I am now five months on from the operation. I have four more doses of chemotherapy to go before my cancer year, as I have called 2004, is over. I have remained upbeat and positive for the most part. The loss of my thick Irish hair bothers me not at all. The steroids have bloated me out and I am bald but my eyes still sparkle and I am still smiling.

I have resisted the new identity society has placed on me. In many health professionals' eyes I have become a cancer patient. I am not always a very good one. I am neither dignified nor silent. I question the doctors; refuse growth hormones that are suppose to increase my white blood cell count. I find alternative treatments for nausea and vomiting that include homeopathic remedies, acupuncture and massage. I seek out friends who make me laugh. The breast cancer diagnosis is only a small part of me.

Joaquin is now 20 months, a little blond firework dashing from thing to thing, starting in wonder at the spider's web he finds in the garden or the hot-air balloon he sees in the sky. I share his delight with the world. Abigail is a quieter soul but equally delightful. A few days ago she found me tearful at the news of a neighbour's death. She ran and got some tissues, wiped away the tears and told me I'd feel better now the sad had come out.

My notes state that because of my age, grade of cancer and the immunhistology of the tumour I am at significant risk of a re-occurrence. Abigail sits on my knee and says, "You're not going to leave me, are you? I'm too little to leave." "No," I reply, "I'm going to be here when you are four and five and six...", I count all the way up to 40. "And 43," states Abigail. I laugh with her. "And I'll be here when you're 43."

So that is where I am heading. I have rather a lot to do over the next 40 years. As well as bringing up two children, the world remains an unjust place. I have no intention of allowing the cancer to return, but if it does I will control it and live with it.



Quite wrong, happily. Death rates are falling - thanks largely to tamoxifen, the hormonal drug taken by postmenopausal women after treatment for breast cancer, which dramatically reduces the chances of its return. Newer drugs, called aromatase inhibitors, which may be taken when tamoxifen stops, are cutting the death rate even further.

However, more women are getting breast cancer, up 70 per cent since 1971 and 15 per cent between 1990 and 2000. This is partly driven by the ageing of the population and partly by lifestyle changes, such as growing obesity. About 41,000 women are diagnosed each year and 12,800 died from breast cancer in the UK in 2002. The lifetime risk of developing breast cancer is now one in nine.


For some women, but not all. There is disagreement about this. In the UK, women are invited for routine mammography by the NHS every three years between the ages of 50 and 64, shortly to be extended to 70. In the US, screening is recommended from the age of 40. British specialists argue that mass screening for women under 50 is not justified (except for those at high risk) because the breast tissue of pre-menopausal women is denser and the mammograms are harder to read - so there is a greater risk of mistakes and cancers being missed or wrongly suspected.


Not only dairy products. Meat, eggs and other foods high in saturated fats, as well as margarines and oils high in polyunsaturated fats, are thought to increase the risk.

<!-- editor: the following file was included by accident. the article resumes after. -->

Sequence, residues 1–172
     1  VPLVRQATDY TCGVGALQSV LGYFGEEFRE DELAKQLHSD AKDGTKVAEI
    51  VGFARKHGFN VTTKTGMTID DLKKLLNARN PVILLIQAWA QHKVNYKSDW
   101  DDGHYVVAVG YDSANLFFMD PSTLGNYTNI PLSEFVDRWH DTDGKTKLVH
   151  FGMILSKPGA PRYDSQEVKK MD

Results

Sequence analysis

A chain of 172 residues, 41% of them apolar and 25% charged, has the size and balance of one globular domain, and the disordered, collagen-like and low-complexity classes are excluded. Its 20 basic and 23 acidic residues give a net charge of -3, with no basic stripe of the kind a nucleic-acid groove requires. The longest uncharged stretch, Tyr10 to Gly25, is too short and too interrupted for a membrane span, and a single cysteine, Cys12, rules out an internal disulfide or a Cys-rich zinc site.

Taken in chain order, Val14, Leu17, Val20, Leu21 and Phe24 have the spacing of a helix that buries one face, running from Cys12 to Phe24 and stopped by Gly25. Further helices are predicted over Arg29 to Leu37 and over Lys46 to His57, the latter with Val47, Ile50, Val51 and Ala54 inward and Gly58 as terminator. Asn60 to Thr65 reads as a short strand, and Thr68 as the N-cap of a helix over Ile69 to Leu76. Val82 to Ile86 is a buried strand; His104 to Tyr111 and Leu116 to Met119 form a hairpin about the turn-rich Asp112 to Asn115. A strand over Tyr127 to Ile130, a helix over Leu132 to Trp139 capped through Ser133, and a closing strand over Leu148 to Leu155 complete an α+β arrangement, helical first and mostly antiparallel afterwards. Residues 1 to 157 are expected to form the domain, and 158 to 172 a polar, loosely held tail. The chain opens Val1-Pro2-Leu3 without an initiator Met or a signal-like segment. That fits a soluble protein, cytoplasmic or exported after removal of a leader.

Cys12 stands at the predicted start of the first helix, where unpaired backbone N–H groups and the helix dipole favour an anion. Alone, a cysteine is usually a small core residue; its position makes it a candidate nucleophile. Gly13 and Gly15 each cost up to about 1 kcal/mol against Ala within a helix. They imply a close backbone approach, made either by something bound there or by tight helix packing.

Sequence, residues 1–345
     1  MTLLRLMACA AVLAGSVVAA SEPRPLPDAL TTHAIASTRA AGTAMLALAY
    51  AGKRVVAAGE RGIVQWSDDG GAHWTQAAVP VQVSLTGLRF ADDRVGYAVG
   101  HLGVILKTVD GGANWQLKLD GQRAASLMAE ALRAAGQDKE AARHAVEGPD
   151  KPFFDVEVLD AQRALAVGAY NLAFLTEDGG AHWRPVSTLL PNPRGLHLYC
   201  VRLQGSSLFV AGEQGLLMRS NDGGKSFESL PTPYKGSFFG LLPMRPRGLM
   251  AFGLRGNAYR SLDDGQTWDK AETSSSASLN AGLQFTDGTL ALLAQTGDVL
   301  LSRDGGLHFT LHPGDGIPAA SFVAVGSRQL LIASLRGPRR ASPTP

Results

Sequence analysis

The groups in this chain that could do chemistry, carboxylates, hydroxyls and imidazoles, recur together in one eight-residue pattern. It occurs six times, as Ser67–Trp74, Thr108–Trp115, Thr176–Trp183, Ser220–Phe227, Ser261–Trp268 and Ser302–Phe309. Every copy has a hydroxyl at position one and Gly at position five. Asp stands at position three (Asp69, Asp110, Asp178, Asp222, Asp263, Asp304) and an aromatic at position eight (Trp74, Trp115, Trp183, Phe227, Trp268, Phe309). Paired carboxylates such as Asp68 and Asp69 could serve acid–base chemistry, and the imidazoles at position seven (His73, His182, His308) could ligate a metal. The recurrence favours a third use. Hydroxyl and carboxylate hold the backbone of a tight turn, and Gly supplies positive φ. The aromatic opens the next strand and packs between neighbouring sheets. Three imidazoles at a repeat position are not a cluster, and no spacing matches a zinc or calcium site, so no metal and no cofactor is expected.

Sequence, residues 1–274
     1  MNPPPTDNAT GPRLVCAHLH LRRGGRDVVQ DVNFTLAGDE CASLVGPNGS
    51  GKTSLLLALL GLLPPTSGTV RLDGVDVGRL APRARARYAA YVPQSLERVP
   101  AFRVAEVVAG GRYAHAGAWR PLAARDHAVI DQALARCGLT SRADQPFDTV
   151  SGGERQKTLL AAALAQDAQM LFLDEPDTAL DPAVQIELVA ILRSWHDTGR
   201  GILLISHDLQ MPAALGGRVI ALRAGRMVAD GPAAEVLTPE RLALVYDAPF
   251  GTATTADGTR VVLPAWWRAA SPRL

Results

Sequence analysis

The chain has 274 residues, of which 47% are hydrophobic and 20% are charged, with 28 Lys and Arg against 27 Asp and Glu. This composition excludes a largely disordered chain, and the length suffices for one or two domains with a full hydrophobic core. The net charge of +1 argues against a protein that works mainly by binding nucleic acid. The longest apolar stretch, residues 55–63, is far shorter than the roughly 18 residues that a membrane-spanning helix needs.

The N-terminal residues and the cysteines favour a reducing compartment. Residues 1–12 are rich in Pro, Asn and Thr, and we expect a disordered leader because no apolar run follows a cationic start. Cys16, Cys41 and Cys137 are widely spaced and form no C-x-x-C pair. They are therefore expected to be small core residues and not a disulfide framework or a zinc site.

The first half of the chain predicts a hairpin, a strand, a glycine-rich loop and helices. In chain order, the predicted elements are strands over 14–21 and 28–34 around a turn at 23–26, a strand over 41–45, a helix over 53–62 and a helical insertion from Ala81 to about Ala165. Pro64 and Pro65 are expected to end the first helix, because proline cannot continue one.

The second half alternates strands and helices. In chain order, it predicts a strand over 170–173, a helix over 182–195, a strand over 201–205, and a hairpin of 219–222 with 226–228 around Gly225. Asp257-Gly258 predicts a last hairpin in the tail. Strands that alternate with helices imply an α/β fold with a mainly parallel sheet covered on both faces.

The link between dairy products and breast cancer was promoted by Jane Plant, a doctor and breast cancer survivor who claimed in her book Your life in Your Hands that cutting out milk, butter and cheese denied the cancer the hormones and growth factors that promote the disease. However, her evidence is anecdotal. Most specialists believe her case has yet to be proved.


Only a small percentage (5-10 per cent) of breast cancers are thought to be caused by abnormal genes. Two of these are BrCa1 and BrCa2, which give the women who carry them an 80 per cent lifetime chance of developing the disease.

Other genes are almost certainly implicated, but women with a family history of breast cancer are at only slightly increased risk.

The main risk factor is age. At least 80 per cent of breast cancers occur in post-menopausal women. Other factors are: a high-fat diet; obesity; previous, non-cancerous lumps; early start of menstruation or continuation past 50; not having children; having your first child over 30.


Nine out of 10 breast cancers are first spotted by women or their partners. But studies have shown that monthly self examination does not lead to earlier detection. The new advice is for women to be "breast aware" - conscious of any changes in the shape or texture of their breasts that may indicate the development of a tumour.

Nipple discharge is a frequent cause of worry to women, although most cases do not indicate cancer. Even when the discharge is bloody or watery, about 90 per cent of cases are due to a non-cancerous condition, such as papilloma or infection.


No, it doesn't. This unfounded belief arises from the fact that the contraceptive pill contains small amounts of oestrogen, which is known to promote the growth of breast cancer. But the amounts are too small to pose a significant risk, especially since the development of the low-dose pill. Even for women who took higher-dose pills in the 1960s and 1970s, the risk will have returned to normal when they stopped.


As antiperspirants stop perspiration, the rumour has spread that toxins somehow become trapped inside the body, where they trigger cell mutations. But the body does not need to purge itself of toxins through the armpits, and the main function of sweating is to cool the body down. According to the National Cancer Institute in the US, there is no good evidence linking antiperspirants with breast cancer.

Jeremy Laurance